Sudan accused of attacks day after Darfur deal

KHARTOUM, Feb 18 (Reuters) - Darfur rebels accused Sudan's government of launching two attacks on their positions on Wednesday, a day after the sides signed a goodwill agreement paving the way to peace talks.

The insurgent Justice and Equality Movement (JEM) said government aircraft bombed their fighters in the mountainous East Jabel Marra area, at the same time as ground forces and militias clashed about 70 km (45 miles) further northeast.

No one was immediately available from Sudan's armed forces to comment on the reports. The prominent leader of a separate rebel force confirmed the air attack, saying it killed four civilians, while peacekeepers said they were looking into reports of both incidents.

The reports will dismay observers and foreign governments who on Tuesday gave a cautious welcome to the deal between JEM and the government. Many said it could be a first step to peace after almost six years of fighting.

The warring sides met in Qatar and agreed to make peace talks a priority, swap prisoners and allow the free flow of aid -- but stopped short of agreeing a ceasefire. The sides said they planned to reach a separate "framework agreement" that would, eventually, set the scene for an end to hostilities and full talks.

The news of renewed bombing comes at a highly sensitive time for Sudan, as it waits for a decision from judges at the International Criminal Court over whether to issue an arrest warrant for Sudanese President Omar Hassan al-Bashir on charges of masterminding genocide in Darfur.

Sudan's armed forces have acknowledged bombing rebels in the past, even though air attacks in Darfur are banned under U.N. Security Council resolutions and other accords.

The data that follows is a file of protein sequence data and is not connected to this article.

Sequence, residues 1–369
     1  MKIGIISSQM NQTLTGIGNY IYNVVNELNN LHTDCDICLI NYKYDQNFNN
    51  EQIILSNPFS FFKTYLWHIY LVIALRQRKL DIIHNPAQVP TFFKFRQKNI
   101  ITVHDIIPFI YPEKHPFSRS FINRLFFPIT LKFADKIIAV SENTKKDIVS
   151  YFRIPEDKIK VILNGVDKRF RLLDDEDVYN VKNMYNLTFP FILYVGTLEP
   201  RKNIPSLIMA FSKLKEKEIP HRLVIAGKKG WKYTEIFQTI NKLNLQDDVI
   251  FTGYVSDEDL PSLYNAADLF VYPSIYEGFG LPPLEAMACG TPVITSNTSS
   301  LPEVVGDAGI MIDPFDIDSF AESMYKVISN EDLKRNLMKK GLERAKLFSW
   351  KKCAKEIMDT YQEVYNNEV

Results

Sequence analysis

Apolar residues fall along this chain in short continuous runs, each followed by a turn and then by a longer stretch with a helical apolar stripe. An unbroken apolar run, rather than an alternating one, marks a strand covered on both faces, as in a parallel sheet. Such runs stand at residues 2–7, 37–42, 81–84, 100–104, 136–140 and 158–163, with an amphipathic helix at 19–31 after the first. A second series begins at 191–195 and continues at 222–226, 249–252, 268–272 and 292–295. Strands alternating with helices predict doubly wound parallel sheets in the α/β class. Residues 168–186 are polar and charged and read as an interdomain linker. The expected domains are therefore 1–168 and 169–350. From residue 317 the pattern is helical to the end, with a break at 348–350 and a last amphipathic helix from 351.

Senior JEM commander Suleiman Sandal told Reuters JEM forces fought off an attack in the Jabal Wana area near El Fasher, capital of north Darfur state.

"While we were on a normal patrol, our forces were attacked by the government forces ... and other forces who are with the government," he said.

Sandal said government planes also bombed JEM positions in East Jabel Marra.

"The goodwill agreement in Doha did not include a cessation of hostilities so the war is going on," he added, saying he was speaking from Darfur by satellite phone. "This is normal for us. This will not affect the Doha talks as they are separate."

Abdel Wahed Mohamed Ahmed al-Nur, the Paris-based leader of the separate rebel Sudan Liberation Army, said government helicopters and planes bombed the territory which he said he controlled in East Jabel Marra. Four civilians, including three children, were killed and at least 40 wounded, he added.

"This is the behaviour you get from this regime. This is the result of the peace agreement they signed in Doha," he told Reuters. Al-Nur and other faction leaders have dismissed the Qatar talks, saying they are doomed to failure without their involvement.

The joint U.N./African Union UNAMID peacekeeping force in Darfur said it could not confirm reports of the bombing but was checking reports from rebels. The undermanned mission does not have a base close to the site of the reported bombing.

Other international sources in El Fasher said there had been an unusually high number of Antonov aircraft taking off and landing early on Wednesday.

JEM and the SLA took up arms against Sudan's government in 2003, accusing Khartoum of neglecting the development of the region. Sudan, which mobilised mostly Arab militias to crush the revolt, denies accusations from Washington that genocide took place during the counter-insurgency. (For full Reuters Africa coverage and to have your say on the top issues, visit: